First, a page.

In the device according to the invention, the molecular orientation of the liquid crystal material having a positive DKA and a negative DMA can be influenced by the combination of an electric and a magnetic field in such a way that the angle of the longitudinal axes of the molecules relative to the electrode surfaces can be adjusted to any desired value between 0° and 90°. Furthermore, the threshold voltage will be raised and/or lowered and the switch-off time is markedly shortened compared with that of a conventional modulator.
In a preferred embodiment, the effect of actively switching off the liquid crystal cell is achieved by simultaneously switching off the electric field and effecting a 90° rotation of the magnetic field, which was previously directed parallel to the electrode plates, with the aid of a suitable control current. If the modultors according to the invention are constructed as matrix displays, it is possible, by controlled triggering of those points of the magnetic layers which are located above or below the untriggered points of the electrode layers, to prevent undesired "crosstalk" and hence markedly to improve the contrast of the display.
Embodiments of the present invention are disclosed in the accompanying drawings wherein:
FIG. 1 diagrammatically shows a build-up of a modulator according to the invention having magnets arranged parallel to the electrode layers;
FIG. 2 diagrammatically shows a modulator according to the invention having magnets arranged perpendicular to the electrode layers;
FIG. 3 shows a preferred embodiment of the modulator according to the invention, having transparent magnetic layers parallel to the transparent electrode layers in order to produce a magnetic field whose direction can be rotated by means of electric pulses; and FIG. 4 and FIG. 5 illustrate the influence of the magnetic field on the threshold voltage and switch-off time.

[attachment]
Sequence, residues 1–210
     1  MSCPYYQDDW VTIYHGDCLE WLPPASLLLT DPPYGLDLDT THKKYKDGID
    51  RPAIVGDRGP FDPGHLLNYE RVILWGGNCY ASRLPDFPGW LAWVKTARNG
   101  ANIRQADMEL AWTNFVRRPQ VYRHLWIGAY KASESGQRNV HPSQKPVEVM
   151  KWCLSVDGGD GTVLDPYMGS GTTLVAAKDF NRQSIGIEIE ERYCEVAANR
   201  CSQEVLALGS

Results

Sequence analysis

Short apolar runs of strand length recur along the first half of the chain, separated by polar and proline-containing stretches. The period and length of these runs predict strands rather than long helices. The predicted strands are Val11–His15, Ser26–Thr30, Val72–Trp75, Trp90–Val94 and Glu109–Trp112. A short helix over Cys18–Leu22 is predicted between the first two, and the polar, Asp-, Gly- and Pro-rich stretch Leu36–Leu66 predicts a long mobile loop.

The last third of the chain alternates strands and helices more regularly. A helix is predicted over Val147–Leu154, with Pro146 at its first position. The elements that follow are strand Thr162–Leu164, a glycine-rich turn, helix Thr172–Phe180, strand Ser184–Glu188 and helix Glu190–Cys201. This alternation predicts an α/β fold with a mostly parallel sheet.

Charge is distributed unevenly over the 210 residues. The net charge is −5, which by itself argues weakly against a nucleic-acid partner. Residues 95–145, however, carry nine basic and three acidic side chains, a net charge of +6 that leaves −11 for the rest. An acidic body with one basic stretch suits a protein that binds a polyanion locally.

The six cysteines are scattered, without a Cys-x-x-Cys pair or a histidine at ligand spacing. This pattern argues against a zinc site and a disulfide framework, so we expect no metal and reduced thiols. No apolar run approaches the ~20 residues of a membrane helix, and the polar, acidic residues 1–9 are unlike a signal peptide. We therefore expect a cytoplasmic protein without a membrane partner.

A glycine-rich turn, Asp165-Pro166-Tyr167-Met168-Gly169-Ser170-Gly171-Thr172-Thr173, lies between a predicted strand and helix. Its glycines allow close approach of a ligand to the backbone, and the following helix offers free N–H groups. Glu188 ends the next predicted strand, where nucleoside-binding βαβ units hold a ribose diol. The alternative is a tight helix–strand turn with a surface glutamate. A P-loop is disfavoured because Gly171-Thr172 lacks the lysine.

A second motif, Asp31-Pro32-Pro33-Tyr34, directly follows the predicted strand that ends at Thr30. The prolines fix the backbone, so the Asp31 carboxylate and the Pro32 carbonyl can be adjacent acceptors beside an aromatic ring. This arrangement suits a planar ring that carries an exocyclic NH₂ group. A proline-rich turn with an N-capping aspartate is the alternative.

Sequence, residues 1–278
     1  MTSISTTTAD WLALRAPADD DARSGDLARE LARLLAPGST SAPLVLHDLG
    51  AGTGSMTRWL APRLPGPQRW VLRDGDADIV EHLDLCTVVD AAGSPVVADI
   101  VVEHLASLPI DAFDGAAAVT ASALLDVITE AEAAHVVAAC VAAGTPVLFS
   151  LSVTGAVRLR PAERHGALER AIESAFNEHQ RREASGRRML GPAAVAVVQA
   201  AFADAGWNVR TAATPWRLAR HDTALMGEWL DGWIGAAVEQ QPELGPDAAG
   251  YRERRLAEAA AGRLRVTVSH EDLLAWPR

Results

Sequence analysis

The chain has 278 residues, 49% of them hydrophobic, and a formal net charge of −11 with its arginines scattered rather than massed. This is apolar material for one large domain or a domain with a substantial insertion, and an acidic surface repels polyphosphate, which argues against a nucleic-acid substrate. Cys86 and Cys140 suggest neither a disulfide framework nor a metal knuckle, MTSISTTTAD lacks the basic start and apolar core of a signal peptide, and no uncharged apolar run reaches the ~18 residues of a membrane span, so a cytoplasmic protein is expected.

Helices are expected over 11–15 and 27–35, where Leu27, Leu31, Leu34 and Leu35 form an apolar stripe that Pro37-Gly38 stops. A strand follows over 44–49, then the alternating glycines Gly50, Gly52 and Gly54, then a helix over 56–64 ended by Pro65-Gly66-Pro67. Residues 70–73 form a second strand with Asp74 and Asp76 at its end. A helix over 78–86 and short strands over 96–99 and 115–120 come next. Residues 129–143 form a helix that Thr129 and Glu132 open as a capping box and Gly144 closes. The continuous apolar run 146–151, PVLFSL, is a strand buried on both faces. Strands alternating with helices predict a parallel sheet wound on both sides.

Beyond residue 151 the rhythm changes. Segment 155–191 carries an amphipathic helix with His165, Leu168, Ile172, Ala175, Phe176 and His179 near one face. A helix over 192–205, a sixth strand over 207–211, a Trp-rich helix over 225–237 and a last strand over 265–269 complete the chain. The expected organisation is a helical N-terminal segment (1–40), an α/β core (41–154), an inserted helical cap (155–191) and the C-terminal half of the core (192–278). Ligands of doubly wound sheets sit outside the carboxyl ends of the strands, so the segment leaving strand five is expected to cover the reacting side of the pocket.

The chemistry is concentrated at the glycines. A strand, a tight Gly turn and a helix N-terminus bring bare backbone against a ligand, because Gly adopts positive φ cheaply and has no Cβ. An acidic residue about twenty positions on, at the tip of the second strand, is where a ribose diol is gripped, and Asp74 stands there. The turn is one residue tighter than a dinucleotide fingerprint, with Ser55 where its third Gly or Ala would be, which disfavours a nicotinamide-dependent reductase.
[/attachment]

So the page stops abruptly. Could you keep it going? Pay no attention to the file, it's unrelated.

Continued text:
In FIGS. 1 and 2, reference numerals 11 and 12 denote electrode base plates which are respectively coated with transparent electrode layers 15 and 16 connected to voltage source 24 by switch 25. A liquid crystal layer 17, consisting of a nematic liquid crystal material, with a positive DKA and a negative DMA, is located between the electrode layers (15, 16). The preferential orientation of the molecules of the liquid crystal material changes by 90° from one to the other of the electrode layers. Polarizers 18 and 19 are located outside plates 11 and 12 and are arranged in such a way that the plane of polarization of each polarizer is parallel to the direction of the preferential orientation of the liquid crystal molecules on the adjacent electrode layer. Thus, the polarizers are crossed.
Finally, spaced magnets 13 and 14 of different polarity are arranged with their pole faces parallel to the electrode base plates and produce as homogeneous a magnetic field as possible in a direction parallel to the direction of an electric field between the electrode layers (15, 16) arising from a potential difference thereacross.
Within the scope of the present invention, all the materials, structures, circuits and elements customary for liquid crystal cells can be used as the electrode base plates (11, 12), electrode layers (15, 16), polarizers (18, 19), light source (22), voltage source (24) and switch (25). The magnets (13, 14) are either permanent magnets or preferably electromagnets, the magnetic field strength of which is controllable as continuously as possible by adjusting the magnitude of electric current strength flowing in the windings (not shown) associated with the pole pieces.
The nematic liquid crystal material employed for the liquid crystal layer 17 can be any liquid crystal material having a positive DKA and a negative DMA. Preferred materials of this type contain at least one trans-4,4'-disubstituted cyclohexylcyclohexane derivative described in U.S. copending Application Ser. No. 868,580, filed Jan. 11, 1978, now U.S. Pat. No. 4,181,625, whose disclosure is incorporated herein by reference, viz., trans,trans-cyclohexylcyclohexanes of the formula ##STR1## wherein X is --R, --OR or --OCOR and R is alkyl of 1-12 carbon atoms. The twisted structure of the preferential orientation of the liquid crystal layer can be brought about by known processes, for example, by the addition of optically active compounds or by a specific surface treatment of the adjacent electrode layers.